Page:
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Airbus Loses Major Order as Emirates Scraps A350 Purchase

June 11, 2014

Emirates Drops A350 Order

An Airbus A350 aircraft stands on the tarmac at Toulouse-Blagnac airport in Toulouse. Emirates will drop its planned purchase of 50 A350-900 airliners and 20 of the larger -1000 variant, Airbus said in a statement today. Photographer: Balint Porneczi/Bloomberg

Airbus Group NV (AIR) suffered its biggest-ever order cancellation as Emirates scrapped a deal for A350 aircraft valued at $16 billion, hurting efforts to break Boeing Co. (BA:US)’s dominance in the wide-body aircraft market.

Emirates will drop 50 A350-900s and 20 larger -1000s, Airbus said today. The deal was announced in 2007 and the planes were due for delivery from 2019, shortly before Boeing’s new 777X, for which the Dubai airline is the No. 1 customer.

The world’s largest carrier by international traffic reviewed its requirements after last year topping up orders for the A380 superjumbo, adding 50 more to become by far the largest operator. The surprise decision on the A350 comes with the jetliner program just months away from commercial entry.

“The A350 is a good aircraft, it's a clean ship, it’s cutting edge, but I don’t think the delivery schedule of the A350 fits in line with Emirates’ growth capabilities at this moment,” said Mark D. Martin, chief executive officer of Dubai-based Martin Consulting LLC.

Airbus fell as much as 2.29 euros, or 4.3 percent, to 51.58 euros. The stock is down 7 percent this year after almost doubling in value in 2013. Rolls-Royce Holdings Plc (RR/), which makes the engines for the aircraft, declined as much as 3 percent in London, where the company is based.

Split Loyalties

Emirates President Tim Clark, who is equally loyal to Boeing and Airbus, had long been a critic of the A350-1000, saying the aircraft didn’t meet his specifications. Smaller regional rivals Qatar Airways Ltd. and Etihad Airways PJSC had also bemoaned the airliner, with Etihad at one stage dropping its order, only to come back last year for more.

The A350-900 typically seats 315 passengers, while the -1000 version can fit about 369 travelers. Airbus says the aircraft’s use of weight-saving materials and swept wings help save fuel, typically the single-biggest expense for airlines.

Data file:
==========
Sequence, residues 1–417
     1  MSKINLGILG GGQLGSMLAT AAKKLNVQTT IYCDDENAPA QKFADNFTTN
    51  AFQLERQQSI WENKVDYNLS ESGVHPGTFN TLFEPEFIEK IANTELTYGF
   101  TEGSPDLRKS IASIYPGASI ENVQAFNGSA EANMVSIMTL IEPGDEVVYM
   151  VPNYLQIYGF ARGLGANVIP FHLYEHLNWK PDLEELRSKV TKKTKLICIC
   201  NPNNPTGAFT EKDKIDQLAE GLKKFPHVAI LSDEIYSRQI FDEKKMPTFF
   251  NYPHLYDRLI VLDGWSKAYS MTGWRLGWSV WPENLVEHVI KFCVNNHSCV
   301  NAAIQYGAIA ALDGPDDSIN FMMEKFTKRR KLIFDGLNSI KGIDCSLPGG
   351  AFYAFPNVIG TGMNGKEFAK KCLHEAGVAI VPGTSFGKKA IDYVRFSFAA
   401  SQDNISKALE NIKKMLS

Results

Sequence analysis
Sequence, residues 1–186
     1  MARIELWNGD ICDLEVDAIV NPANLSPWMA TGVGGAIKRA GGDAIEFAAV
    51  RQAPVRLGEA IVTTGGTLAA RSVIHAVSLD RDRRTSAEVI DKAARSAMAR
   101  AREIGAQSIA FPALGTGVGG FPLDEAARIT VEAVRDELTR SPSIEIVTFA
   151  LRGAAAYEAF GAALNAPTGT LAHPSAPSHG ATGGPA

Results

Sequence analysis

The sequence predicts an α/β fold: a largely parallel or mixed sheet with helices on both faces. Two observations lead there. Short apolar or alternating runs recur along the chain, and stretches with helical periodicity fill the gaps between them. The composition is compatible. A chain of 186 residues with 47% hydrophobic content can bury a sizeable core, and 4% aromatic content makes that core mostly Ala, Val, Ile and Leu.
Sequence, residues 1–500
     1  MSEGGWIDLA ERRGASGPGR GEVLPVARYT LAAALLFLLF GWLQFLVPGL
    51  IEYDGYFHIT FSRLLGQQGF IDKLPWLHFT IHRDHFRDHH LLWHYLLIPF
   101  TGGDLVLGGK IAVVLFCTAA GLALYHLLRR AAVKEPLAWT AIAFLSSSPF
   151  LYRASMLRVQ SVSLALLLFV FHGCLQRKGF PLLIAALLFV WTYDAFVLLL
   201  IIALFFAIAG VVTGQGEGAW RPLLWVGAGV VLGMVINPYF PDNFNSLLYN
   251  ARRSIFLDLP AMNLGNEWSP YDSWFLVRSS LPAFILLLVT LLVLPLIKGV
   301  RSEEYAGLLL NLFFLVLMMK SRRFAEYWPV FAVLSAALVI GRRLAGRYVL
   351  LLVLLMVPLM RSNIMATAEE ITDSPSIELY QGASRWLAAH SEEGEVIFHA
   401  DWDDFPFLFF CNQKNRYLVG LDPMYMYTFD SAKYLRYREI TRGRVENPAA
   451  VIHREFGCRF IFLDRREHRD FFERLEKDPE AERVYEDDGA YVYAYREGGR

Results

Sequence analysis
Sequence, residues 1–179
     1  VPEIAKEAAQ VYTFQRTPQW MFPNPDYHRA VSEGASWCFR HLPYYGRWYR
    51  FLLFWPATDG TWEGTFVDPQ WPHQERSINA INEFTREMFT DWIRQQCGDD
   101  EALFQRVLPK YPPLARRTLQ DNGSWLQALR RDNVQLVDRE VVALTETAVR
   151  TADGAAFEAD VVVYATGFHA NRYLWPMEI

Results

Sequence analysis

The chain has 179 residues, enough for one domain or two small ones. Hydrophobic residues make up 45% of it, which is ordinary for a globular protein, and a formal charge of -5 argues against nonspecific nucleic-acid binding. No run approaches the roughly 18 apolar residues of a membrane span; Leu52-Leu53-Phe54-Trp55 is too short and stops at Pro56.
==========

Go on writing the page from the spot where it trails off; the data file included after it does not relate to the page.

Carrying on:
At the Dubai Air Show last year, Emirates said it would buy 150 777Xs, the re-engined version of the Boeing wide-body, and take out 50 options with a total value of $76 billion.

Emirates is the biggest customer for the existing 777, a twin-engine model that boasts the world’s biggest powerplant and is one of the company’s bestsellers.

Filling Slots

Rolls-Royce is the sole engine provider for the A350, and the company said today that Emirates’ decision will cut its order book by 2.6 billion pounds ($4.36 billion). Emirates doesn’t use Rolls powerplants on its A380s, opting instead for the alternative Engine Alliance model that’s made by General Electric Co. (GE:US) and United Technologies Corp. (UTX:US)’s Pratt & Whitney.

Rolls-Royce said it’s confident the delivery slots dropped by Emirates will be taken up by other carriers, saying it is “disappointed” with the decision to drop the A350s.

Airbus and Boeing are the only manufacturers of wide-body aircraft, a market that’s more lucrative than the single-aisle segment because aircraft are more expensive. Customers have purchased more wide-body twin-engine airliners that are more efficient than the larger superjumbos, with both Airbus and Boeing struggling to win more customers for their largest jets.

“Airbus is very confident in its A350 program,” the Toulouse, France-based manufacturer said in the release. “Half a year before entry into service, the A350 order book stands at a healthy 742 firm orders.”

777 Strength

The A350 will enter commercial service with Qatar, which remains the biggest buyer of the twin-engine jet that’s largely made of light composite materials. The airliner comes in three sizes and competes both with the Boeing 777 and the smaller 787 Dreamliner. Airbus has won by far the most orders for the mid-sized version.

While the development of the A350 has been free of major glitches for at least a year -- an increasingly rare occurrence for aircraft programs -- Airbus has struggled to keep the momentum particularly for the smallest variant, with customers dropping purchases to move to bigger planes. The A350-1000 staged a comeback about two years ago after an order dearth, as customers preferred Boeing’s popular 777 wide-body.

“The 777 is now increasingly becoming the mainstay fleet of Emirates,” said Martin. “In fact, if you look at how they deploy the 777, the 777 is flying to almost all their key destinations.”

To contact the reporter on this story: Benedikt Kammel in Berlin at

To contact the editors responsible for this story: Benedikt Kammel at Christopher Jasper, Anand Krishnamoorthy

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